• billetterie
  • billetiste

Descendants

Further reading

  • “billet” in Trésor de la langue française informatisé (The Digitized Treasury of the French Language).


English

Etymology 1

1530s, from Middle French canton, from Old French canton (corner); heraldic sense from the 1570s, geographic sense from c. 1600.

Alternative forms

  • kanton

Pronunciation

  • IPA(key): /ˈkæntn̩/
  • IPA(key): /ˈkæntɒn/ (especially in the flag sense)

Noun

canton (plural cantons)

  1. A division of a political unit.
    • 1912, Joseph McCabe (translator), We Must Take Sides; or, The Principal of Action (originally by Voltaire)
      These three millions live in a small canton of Egypt which cannot maintain twenty thousand people
    • 20 May, 1686, Gilbert Burnet, letter from Nimmengen
    1. One of the states comprising the Swiss Confederation.
    2. A subdivision of an arrondissement of France.
    3. A division of Luxembourg, Federation of Bosnia and Herzegovina, etc.
    4. (obsolete) A subdivision of a county, of Quebec, Canada; equivalent to a township.
  2. A small community or clan.
  3. A subdivision of a flag, the rectangular inset on the upper hoist (i.e., flagpole) side (e.g., the stars of the US national flag are in a canton).
  4. (heraldry) A division of a shield occupying one third of the chief, usually on the dexter side, formed by a perpendicular line from the top meeting a horizontal line from the side.
Translations

Verb

canton (third-person singular simple present cantons, present participle cantoning, simple past and past participle cantoned)

  1. (transitive) To delineate as a separate district.
  2. (transitive) To divide into cantons.
  3. (transitive) To allot quarters to troops.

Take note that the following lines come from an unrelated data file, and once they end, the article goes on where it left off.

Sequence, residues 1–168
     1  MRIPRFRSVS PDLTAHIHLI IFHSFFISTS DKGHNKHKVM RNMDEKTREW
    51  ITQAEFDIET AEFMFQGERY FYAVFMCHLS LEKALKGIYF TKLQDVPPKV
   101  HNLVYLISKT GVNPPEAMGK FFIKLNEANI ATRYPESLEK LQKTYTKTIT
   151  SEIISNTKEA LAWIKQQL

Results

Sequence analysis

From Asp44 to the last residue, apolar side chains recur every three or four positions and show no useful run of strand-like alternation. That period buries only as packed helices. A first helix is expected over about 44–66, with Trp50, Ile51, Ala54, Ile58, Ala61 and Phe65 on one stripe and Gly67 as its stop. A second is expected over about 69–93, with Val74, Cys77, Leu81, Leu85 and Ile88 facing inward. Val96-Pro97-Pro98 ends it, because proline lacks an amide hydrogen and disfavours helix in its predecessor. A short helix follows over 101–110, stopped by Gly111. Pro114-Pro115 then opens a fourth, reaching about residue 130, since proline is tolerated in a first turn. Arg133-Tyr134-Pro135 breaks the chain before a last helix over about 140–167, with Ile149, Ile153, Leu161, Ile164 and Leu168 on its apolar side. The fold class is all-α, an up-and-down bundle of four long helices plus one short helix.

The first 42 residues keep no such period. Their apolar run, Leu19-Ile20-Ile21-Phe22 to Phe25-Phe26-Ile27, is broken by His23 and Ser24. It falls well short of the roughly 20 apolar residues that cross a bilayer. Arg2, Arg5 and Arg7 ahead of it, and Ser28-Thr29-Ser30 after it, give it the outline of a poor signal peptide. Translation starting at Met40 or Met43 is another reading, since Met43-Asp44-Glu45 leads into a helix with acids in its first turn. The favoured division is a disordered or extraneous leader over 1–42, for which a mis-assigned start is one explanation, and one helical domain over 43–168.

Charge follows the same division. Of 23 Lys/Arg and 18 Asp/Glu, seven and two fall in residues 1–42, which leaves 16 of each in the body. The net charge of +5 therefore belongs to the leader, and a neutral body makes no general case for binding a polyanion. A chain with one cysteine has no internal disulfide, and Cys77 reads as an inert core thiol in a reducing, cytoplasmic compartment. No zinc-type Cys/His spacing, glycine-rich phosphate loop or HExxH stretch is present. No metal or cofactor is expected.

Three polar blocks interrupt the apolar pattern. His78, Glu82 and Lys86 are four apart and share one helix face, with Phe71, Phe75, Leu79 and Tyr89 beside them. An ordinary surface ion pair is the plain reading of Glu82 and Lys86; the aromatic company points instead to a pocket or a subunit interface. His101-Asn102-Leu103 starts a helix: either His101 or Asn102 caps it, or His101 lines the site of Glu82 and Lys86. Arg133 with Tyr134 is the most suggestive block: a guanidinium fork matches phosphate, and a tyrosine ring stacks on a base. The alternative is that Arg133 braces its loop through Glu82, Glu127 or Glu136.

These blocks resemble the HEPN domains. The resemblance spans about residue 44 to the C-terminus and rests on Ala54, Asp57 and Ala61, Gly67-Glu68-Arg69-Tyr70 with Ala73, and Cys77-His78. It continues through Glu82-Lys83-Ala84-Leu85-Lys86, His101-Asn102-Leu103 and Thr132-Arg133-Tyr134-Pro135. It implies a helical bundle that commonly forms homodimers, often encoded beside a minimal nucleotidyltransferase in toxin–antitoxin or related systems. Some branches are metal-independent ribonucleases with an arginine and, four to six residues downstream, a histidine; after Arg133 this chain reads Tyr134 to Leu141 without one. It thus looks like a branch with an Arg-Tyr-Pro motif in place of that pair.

Etymology 2

Noun

canton (plural cantons)

  1. (obsolete) A song or canto.

Anagrams

  • Conant, Nacton, cannot, nonact, noncat

French

Etymology

From Middle French canton, from Old French canton (from the 1240s), from Old Occitan canton (corner; canton) (recorded before 1218), adopted in Occitan from North Italian (Gallo-Italic, early Lombard) cantone (edge, corner; canton), ultimately representing Latin cant- (rim (of a wheel)) with the addition of the (accusative -ōnem) suffix forming augmentatives in Romance.

Pronunciation

  • IPA(key): /kɑ̃.tɔ̃/

Noun

canton m (plural cantons)

  1. canton (of Switzerland, France or Luxembourg)
  2. township (of Canada)
  3. (heraldry) canton

Descendants

  • German: Kanton

Further reading

  • “canton” in Trésor de la langue française informatisé (The Digitized Treasury of the French Language).

Occitan

Etymology

From Gallo-Italic cantone. From canto + -one. Related to Latin canthus (rim (of a wheel)).

Pronunciation

  • IPA(key): /kanˈtu/

Noun

canton m (plural cantons)

  1. corner
  2. canton

Derived terms

  • cantonal
  • cantonar
  • cantonada

Romanian

Etymology

From French canton.

Pronunciation

  • IPA(key): /kanˈton/

Noun

canton n (plural cantoane)

  1. canton

Declension

Derived terms

  • cantonal

Further reading

  • canton in DEX online – Dicționare ale limbii române (Dictionaries of the Romanian language)

Venetian

Noun

canton m (plural cantoni)

  1. corner

Derived terms

  • cantonzsin